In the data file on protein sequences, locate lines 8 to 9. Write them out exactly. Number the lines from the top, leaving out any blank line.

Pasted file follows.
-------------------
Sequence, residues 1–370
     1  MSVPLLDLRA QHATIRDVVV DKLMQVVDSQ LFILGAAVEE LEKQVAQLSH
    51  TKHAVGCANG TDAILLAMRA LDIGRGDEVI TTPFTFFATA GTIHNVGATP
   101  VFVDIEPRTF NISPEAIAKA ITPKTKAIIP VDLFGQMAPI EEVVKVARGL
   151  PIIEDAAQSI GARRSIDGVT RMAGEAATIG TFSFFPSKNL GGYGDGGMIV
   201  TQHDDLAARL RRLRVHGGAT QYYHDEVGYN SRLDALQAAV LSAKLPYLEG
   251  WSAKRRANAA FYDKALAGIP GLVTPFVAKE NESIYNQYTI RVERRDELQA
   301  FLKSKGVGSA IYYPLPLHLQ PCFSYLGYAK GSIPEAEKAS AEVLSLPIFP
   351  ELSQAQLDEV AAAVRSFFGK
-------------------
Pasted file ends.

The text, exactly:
   301  FLKSKGVGSA IYYPLPLHLQ PCFSYLGYAK GSIPEAEKAS AEVLSLPIFP
   351  ELSQAQLDEV AAAVRSFFGK